The phrase “all options on the table” is largely used in politics as a code phrase conveying the most extreme violence imaginable, without having to explicitly state it. Now it’s being used against American citizens.
Even after three months of continuous demonstrations over the police killing of George Floyd, protests in Portland, Oregon continue, as demonstrators clash with police and pro-Trump groups. With no end in sight, acting Secretary of Homeland Security Chad Wolf sent a cryptic but threatening message to Black Lives Matter and other groups, telling ABC News that “all options continue to be on the table” as a response.
Since Portland Mayor Ted Wheeler has attempted to undermine federal agents’ presence, it appears that Wolf is hinting at a military response, despite his pleas for an end to violence. Senator Tom Cotton has already demanded that Trump send in the troops to deal with the protests. The U.S. has a history of crushing domestic dissent with force. In 1970, the Ohio National Guard opened fire on anti-war protesters at Kent State University, killing four. Fifteen years later, police used helicopters to drop bombs on the black activists at the MOVE compound in Philadelphia, destroying an entire block of housing.
While these are extreme events, the phrase “all options on the table” is largely used in politics as a code phrase conveying the most extreme violence imaginable, without having to explicitly state it. The phrase was famously used by President George W. Bush throughout his administration when discussing Iran and its supposed nuclear weapons program. When asked by a reporter if “all options” could mean a nuclear attack on Iran, Bush refused to answer, simply re-stating that “all options” were on the table.
Iran is a particular target of the “all options” rhetoric, whether Republicans or Democrats control the executive branch. President Obama also continually threatened Iran with a nuclear attack throughout his presidency, stating that he was prepared to strike. In 2009, he said he wished to go down the diplomatic path but “without taking other options off the table.” Three years later, Obama again insisted that “all options” were on the table, adding that he “doesn’t bluff.” Evidently, that was false, however, as the next year, he was making the same pronouncement about his options, this time alongside Israeli Prime Minister Benjamin Netanyahu in Jerusalem. All of this in an attempt to stop something which experts agree Iran was not even trying to pursue.
U.S. allies have begun to adopt the same rhetoric. Last September, a Saudi ambassador announced that “all options were on the table” with Iran, after an attack on oil processing facilities — something which Riyadh immediately blamed on Iran.
As with many other issues, the Trump administration is more explicit and forthright in its rhetoric. In 2017, Vice President Mike Pence gave a speech in South Korea highlighting the U.S.’ resolve to stop North Korea from obtaining atomic weaponry. “We hope to achieve this objective through peaceful means, but all options are on the table,” he stated, thereby strongly implying “all options” meant violence. Trump was less able to use coded language, threatening the D.P.R.K with “fire and fury” like they had never seen before.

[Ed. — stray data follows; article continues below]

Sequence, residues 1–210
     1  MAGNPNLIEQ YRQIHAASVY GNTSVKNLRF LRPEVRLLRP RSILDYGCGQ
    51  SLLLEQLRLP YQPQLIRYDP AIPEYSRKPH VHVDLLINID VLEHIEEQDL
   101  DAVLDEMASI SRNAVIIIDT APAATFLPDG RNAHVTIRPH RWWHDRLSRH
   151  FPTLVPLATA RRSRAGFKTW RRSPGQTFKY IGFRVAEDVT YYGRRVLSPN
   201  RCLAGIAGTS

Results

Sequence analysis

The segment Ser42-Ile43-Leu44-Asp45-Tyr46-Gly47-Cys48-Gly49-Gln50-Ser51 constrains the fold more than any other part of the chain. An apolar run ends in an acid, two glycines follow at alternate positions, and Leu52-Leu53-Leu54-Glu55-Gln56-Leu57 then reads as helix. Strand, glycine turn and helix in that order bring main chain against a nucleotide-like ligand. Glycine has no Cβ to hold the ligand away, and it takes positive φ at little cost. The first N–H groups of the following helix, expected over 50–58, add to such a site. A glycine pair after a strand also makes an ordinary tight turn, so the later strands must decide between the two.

And consider this exchange that Trump had with journalists in 2019. After announcing that “all options” were on the table for Venezuela, a reporter asked, “Are you considering a military option for Venezuela?” Trump replied, “We’re not considering anything but all options are on the table.” The reporter pressed him, asking, “Does that mean that you are considering a military—”, but Trump cut him off, stating firmly:
All options. Always. All options are on the table.”
Considering that the United States had already placed devastating sanctions on the country, killing an estimated 100,000 people and that the U.S. has sent troops to neighboring Colombia, a military attack is clearly a possibility, especially if U.S.-backed coups continue to fall flat.
The phrase, therefore, is continually used against foreign enemies of the U.S. government as a way of threatening war or even nuclear annihilation without having to explicitly state it, letting the threat pass under the radar of many, and allowing for plausible deniability if challenged. The fact that government officials are beginning to use that same rhetoric against the domestic population in Portland is not a positive sign for the future of the city or the country.
Feature photo | U.S. Army Commander Col. Rafael “Pete” Pazos speaks to Secretary of Homeland Security Chad F. Wolf and Sen. Martha McSally in Yuma, Arizona on January 10, 2020. Catherine Carroll | DVIDS
Alan MacLeod is a Staff Writer for MintPress News. After completing his PhD in 2017 he published two books: Bad News From Venezuela: Twenty Years of Fake News and Misreporting and Propaganda in the Information Age: Still Manufacturing Consent. He has also contributed to Fairness and Accuracy in Reporting, The Guardian, Salon, The Grayzone, Jacobin Magazine, Common Dreams the American Herald Tribune and The Canary.